October 6, 2021 at 2 PM Eastern/11 AM Pacific
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Originally posted by DrJeff
If you look at the percentage of a specialty that does the most (placement of the implant body that is), it would be the OMFS folks, followed by the perio folks and then about equal between the endo and prosth guys. If you look at absolute numbers of docs, then its the GP's that place the most.
In my practice, its an OMFS that places them for me.
I understand what you're saying; my thinking is that the procedure is inherently both surgical and periodontal...but what does it really have to do with dental pulp? That's what I'm having trouble reconciling.Originally posted by groundhog
Well if one thinks of the titanium anchor as an artificial root, placement of the anchor by an Endodonitst may well fall within ethical standards. If technology advances to such a point that implants become both more economical and reliable than root canals, Endodonitsts would certainly desire to have established a stakehold in the implant arena. This gets us back to the point I was making in my previous post. I beleive this whole bio/tech thing is going to blur the boundaries making dental speciaities an obsolete idea sometime in the future.
Originally posted by aphistis
I'm wondering about this too. I don't see how an endo could say implants are within his/her scope of practice.
Great info as always...thanks!Originally posted by DrJeff
I actually called up one the the endodontists in the group that I refer to and asked him this today(he does place implants). To paraphrase his response: His view of the scope of endodontics is that he not only specializes in the pulp and its treatment and restoration, but also the root and its treatment and "restoration". He rightly acknowledges that the endodontic treatment of a tooth, while having a long term success rate in the 95%+ range, is not 100%, and also due to other factors such as root fracture/ perforation, and unrestorable teeth secondary to extensive coronal decay/ perio disease, and failed previous endodontic treatment, that he needs to have an alterbative treatment option for the replacement of that tooth, without potentially compromising the health of the pulps of the adjacent teeth that a bridge can do long term.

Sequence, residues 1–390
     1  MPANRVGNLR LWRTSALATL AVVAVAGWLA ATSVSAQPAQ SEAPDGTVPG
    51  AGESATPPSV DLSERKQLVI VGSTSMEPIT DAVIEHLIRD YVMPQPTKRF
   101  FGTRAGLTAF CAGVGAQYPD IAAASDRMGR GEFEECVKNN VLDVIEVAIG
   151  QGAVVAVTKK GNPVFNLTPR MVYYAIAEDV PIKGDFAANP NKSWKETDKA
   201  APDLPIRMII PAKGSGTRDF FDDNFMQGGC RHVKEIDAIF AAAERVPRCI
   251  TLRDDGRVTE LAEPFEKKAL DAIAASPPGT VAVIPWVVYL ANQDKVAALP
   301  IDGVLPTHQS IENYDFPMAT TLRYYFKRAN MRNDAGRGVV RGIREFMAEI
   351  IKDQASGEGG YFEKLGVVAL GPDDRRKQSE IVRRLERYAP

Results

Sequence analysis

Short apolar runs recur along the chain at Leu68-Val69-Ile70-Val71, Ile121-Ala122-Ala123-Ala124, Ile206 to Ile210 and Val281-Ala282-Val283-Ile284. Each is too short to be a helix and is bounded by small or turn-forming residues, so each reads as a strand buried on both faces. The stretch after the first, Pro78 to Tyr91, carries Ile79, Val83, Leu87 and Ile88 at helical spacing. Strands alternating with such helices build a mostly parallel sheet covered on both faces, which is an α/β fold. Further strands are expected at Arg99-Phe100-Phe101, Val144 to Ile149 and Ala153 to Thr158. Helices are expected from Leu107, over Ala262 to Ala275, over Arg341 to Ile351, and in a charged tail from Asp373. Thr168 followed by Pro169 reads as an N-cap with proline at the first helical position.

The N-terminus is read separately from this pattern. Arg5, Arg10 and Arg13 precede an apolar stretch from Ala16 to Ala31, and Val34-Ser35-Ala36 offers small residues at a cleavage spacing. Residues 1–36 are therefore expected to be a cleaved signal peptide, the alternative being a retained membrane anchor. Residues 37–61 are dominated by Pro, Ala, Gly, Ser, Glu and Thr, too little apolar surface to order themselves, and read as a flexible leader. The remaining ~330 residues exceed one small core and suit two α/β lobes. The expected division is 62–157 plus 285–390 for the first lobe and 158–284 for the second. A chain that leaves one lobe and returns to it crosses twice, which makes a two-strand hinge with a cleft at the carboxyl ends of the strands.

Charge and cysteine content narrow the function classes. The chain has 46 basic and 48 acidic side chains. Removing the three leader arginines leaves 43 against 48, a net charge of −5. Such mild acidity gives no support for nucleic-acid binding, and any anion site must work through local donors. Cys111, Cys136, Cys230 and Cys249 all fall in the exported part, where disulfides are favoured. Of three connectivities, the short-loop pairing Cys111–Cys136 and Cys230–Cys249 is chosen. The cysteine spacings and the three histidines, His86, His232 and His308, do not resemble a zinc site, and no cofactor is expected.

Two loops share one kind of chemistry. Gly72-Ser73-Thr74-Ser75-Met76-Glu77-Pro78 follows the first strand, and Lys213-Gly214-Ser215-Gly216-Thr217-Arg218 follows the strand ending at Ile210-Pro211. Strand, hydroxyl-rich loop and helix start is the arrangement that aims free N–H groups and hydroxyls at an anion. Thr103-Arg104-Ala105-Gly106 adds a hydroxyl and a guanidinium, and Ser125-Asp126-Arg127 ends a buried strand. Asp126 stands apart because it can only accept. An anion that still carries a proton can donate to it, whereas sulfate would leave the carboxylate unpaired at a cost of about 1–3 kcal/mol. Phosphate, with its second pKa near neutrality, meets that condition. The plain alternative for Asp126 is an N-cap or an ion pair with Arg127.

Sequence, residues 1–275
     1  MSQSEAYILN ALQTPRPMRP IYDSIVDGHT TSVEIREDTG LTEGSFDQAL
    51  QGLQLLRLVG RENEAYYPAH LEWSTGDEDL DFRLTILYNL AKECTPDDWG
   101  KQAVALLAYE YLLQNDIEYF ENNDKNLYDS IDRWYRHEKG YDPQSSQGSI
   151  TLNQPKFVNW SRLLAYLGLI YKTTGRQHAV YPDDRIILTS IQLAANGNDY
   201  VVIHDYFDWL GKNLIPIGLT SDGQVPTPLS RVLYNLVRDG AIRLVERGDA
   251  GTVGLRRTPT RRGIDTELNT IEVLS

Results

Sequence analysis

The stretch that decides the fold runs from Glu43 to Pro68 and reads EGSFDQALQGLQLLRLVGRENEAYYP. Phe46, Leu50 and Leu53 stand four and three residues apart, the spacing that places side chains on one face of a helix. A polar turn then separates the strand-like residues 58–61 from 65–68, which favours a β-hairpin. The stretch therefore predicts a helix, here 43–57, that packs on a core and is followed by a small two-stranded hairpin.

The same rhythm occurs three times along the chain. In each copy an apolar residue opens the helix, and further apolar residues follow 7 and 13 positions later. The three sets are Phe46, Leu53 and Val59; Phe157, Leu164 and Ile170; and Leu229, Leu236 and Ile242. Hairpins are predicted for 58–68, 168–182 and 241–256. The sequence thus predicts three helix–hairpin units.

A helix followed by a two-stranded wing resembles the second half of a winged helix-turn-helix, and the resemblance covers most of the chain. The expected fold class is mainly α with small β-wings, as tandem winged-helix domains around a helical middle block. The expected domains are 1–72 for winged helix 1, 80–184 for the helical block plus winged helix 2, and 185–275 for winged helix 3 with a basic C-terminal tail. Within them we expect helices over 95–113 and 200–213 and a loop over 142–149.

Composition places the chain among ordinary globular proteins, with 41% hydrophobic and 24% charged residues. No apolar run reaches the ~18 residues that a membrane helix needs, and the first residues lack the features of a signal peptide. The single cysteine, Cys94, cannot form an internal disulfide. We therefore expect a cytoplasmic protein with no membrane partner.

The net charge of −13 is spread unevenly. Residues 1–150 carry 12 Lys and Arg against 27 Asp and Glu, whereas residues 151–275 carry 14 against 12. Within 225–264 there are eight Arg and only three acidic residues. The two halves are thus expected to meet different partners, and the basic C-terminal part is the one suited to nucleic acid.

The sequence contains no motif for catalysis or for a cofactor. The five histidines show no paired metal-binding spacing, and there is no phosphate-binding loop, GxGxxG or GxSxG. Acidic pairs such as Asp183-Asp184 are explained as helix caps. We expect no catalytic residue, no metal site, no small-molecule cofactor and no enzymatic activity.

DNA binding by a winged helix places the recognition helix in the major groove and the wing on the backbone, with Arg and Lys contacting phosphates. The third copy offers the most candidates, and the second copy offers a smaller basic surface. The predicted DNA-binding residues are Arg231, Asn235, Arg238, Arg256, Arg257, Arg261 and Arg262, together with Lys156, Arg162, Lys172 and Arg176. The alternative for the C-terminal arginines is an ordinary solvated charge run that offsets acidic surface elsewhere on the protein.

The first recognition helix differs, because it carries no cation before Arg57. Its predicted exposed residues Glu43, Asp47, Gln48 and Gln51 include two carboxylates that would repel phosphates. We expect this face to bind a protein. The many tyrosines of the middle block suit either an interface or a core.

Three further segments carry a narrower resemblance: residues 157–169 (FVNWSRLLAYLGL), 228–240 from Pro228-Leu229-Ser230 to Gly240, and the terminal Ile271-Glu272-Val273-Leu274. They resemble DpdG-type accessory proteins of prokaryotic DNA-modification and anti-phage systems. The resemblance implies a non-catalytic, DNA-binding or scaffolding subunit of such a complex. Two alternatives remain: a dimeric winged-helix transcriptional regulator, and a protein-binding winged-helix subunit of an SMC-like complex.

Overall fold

Frankly I agree with him 100% on this assessment. Believe you me, if an endondontist can do anything to save that tooth, they will, but as all of you here will eventually find out, not everything you do/can do works 100% of the time Plus, from the surgical side of things, if an endodontist has the surgical skills to perform an apicoectomy on the DB root of #15 they can certainly "spin some titanium" and sink an implant. BTW, when I asked my endodontist what percentage of his practice is implants, we said "less than 5%, .........maybe even less than 2%" so you can infer that he uses way more titanium in his NiTi files than in titanium implant bodies.
Originally posted by groundhog
Thanks to bio/tech advances, continuing education courses, and (fankly) economics, I predict that dentistry will evolve as follows:
Dental schools will be absorbed by the medical schools.
Originally posted by DrJeff
If you look at the percentage of a specialty that does the most (placement of the implant body that is), it would be the OMFS folks, followed by the perio folks and then about equal between the endo and prosth guys.